‘Booms and busts aren’t good, but you must come out the other end stronger’
How have the past 12 months been?
Acceptable. We’ve matched our business plan because we planned for the recession four years ago. It’s been longer in coming than we expected, but it’s deeper than we anticipated. Extremes of boom and bust are not good, but you must come out the other end stronger. I hope a sense of reality will come back to the market.
What is central to your business plan?
We’re not reliant on any sector for more than 20 per cent of turnover and our 11 regional offices undertake projects ranging from £50,000 to £50 million. We’ve also teamed up with Gleeds to bid for Office of Government Commerce contracts. We link with other architects to share our conservation skills; in Hong Kong we are developing the central police station site with Herzog & de Meuron.
Are you looking for more work overseas?
Yes. We hope to expand into Hong Kong and China. We’d consider partnering with other practices to enter South and Central America too. Closer to home, we opened a new office in Edinburgh recently.
Is the future of British architecture an export industry?
There is a skill set in the UK that I suspect is unique, particularly in conservation. We see a role in educating overseas professionals in these skills. We want to help instill a culture of conservation – in place of restoration – in new markets across the world.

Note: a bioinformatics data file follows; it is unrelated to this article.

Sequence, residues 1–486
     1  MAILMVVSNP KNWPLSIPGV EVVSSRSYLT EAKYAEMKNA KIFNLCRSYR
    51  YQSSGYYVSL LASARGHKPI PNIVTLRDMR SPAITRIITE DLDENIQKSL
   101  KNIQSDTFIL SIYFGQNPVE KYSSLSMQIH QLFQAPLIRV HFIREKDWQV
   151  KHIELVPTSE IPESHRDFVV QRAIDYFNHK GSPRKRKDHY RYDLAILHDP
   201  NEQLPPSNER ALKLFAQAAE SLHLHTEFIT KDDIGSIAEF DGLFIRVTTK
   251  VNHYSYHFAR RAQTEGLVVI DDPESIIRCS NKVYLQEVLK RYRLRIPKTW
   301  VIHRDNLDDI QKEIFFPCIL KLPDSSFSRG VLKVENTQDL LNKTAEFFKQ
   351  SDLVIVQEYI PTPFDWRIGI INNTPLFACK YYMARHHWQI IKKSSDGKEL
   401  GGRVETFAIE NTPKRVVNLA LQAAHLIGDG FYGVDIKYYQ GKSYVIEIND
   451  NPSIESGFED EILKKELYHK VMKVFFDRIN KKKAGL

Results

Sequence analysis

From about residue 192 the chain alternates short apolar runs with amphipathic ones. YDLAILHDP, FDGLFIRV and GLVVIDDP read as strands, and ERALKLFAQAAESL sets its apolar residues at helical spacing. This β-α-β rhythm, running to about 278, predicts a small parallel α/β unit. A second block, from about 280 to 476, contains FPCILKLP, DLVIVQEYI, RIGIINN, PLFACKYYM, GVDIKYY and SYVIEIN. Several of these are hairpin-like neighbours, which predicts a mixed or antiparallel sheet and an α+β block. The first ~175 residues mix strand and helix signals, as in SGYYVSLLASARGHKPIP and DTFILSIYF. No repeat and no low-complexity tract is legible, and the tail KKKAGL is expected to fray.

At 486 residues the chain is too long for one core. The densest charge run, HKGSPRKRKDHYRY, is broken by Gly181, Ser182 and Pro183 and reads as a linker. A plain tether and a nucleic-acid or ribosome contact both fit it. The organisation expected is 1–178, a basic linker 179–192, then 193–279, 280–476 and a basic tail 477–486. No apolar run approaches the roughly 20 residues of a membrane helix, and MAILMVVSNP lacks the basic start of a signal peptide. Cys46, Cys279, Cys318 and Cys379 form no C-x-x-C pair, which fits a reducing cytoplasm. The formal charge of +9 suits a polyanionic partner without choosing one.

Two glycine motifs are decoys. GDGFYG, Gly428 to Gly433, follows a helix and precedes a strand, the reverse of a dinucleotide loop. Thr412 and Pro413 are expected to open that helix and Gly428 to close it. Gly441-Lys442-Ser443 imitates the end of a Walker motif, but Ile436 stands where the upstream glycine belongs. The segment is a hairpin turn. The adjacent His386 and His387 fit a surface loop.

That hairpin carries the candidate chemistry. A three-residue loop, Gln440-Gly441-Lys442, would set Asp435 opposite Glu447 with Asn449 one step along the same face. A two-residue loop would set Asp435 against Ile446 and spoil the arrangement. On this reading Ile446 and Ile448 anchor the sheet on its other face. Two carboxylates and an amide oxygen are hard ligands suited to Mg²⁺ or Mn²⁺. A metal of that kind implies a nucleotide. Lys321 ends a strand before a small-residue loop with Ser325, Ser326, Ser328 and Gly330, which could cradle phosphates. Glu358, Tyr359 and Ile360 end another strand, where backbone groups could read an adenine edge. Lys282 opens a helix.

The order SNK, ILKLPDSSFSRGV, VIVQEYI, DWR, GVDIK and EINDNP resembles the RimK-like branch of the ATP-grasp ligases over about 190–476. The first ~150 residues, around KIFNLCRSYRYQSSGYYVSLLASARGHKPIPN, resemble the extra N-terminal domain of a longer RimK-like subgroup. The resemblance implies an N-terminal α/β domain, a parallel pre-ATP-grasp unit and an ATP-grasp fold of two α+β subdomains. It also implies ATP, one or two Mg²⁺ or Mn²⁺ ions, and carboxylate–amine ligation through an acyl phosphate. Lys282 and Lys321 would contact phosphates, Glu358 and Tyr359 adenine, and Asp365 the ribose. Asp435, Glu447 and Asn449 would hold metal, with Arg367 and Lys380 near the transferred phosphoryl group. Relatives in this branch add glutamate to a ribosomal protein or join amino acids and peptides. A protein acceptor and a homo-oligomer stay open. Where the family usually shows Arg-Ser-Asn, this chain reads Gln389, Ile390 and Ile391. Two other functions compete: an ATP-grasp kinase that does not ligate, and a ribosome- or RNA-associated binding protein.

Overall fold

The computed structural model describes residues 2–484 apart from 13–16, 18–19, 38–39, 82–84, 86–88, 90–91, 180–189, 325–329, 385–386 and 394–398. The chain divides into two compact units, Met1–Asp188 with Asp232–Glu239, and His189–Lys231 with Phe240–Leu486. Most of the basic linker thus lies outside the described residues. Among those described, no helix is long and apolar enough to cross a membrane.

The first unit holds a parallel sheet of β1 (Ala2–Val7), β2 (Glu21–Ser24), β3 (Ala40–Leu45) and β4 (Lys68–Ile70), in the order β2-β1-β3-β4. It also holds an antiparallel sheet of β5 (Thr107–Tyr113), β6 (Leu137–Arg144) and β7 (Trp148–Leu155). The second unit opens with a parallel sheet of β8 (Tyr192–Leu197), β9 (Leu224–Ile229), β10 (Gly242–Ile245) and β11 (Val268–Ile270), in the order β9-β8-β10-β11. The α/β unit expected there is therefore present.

Have you made redundancies in the past year and are you recruiting?
We’ve not made any redundancies over the past year, but the unpredictable market means it’s necessary to review resources. If we recruit, it would be for specialist positions only – to strengthen developing sectors. This year is about consolidation. We expect an upturn around the middle of 2010.
Beyond conservation, which other sectors are important to your practice?
Conservation is a skill that can be applied in any sector – but places of worship remain a core area, as is the cultural sector and private residential, which is still healthy. Public buildings are another sector in which there doesn’t appear to be any drop off.
Are you moving into new sectors?
Yes, hospitality. We’ve recruited Jeremy Blake, with 20 years’ experience, to head up that sector. In the past year, we’ve secured a number of commissions at the high end of the market: four-star plus and boutique hotels.
How important is profitability?
Profit is important; along with our skills base, it’s our lifeblood. The partners have invested heavily with their own money to develop the business over the past four years.
How optimistic are you for 2009?
The fact that we’re diversifying into foreign climes is evidence of our optimism. Also, a lot of building owners are investing in refurbishment and repairs because it’s cheaper. And I think the government will put money into public buildings to kick-start the food chain and flow of cash. Rory Olcayto
Purcell Miller Tritton was number 28 in the 2009 AJ100